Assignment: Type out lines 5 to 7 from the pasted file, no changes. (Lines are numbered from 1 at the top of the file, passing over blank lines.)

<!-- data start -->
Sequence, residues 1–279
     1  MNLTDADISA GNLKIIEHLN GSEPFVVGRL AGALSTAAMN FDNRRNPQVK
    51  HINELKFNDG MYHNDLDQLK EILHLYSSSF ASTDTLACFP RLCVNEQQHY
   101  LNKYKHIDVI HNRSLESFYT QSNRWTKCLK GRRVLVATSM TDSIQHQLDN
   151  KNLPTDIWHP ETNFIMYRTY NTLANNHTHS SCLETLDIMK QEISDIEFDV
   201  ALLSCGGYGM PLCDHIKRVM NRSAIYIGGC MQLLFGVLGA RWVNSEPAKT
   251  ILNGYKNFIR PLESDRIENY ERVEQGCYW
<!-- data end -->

   151  KNLPTDIWHP ETNFIMYRTY NTLANNHTHS SCLETLDIMK QEISDIEFDV
   201  ALLSCGGYGM PLCDHIKRVM NRSAIYIGGC MQLLFGVLGA RWVNSEPAKT
   251  ILNGYKNFIR PLESDRIENY ERVEQGCYW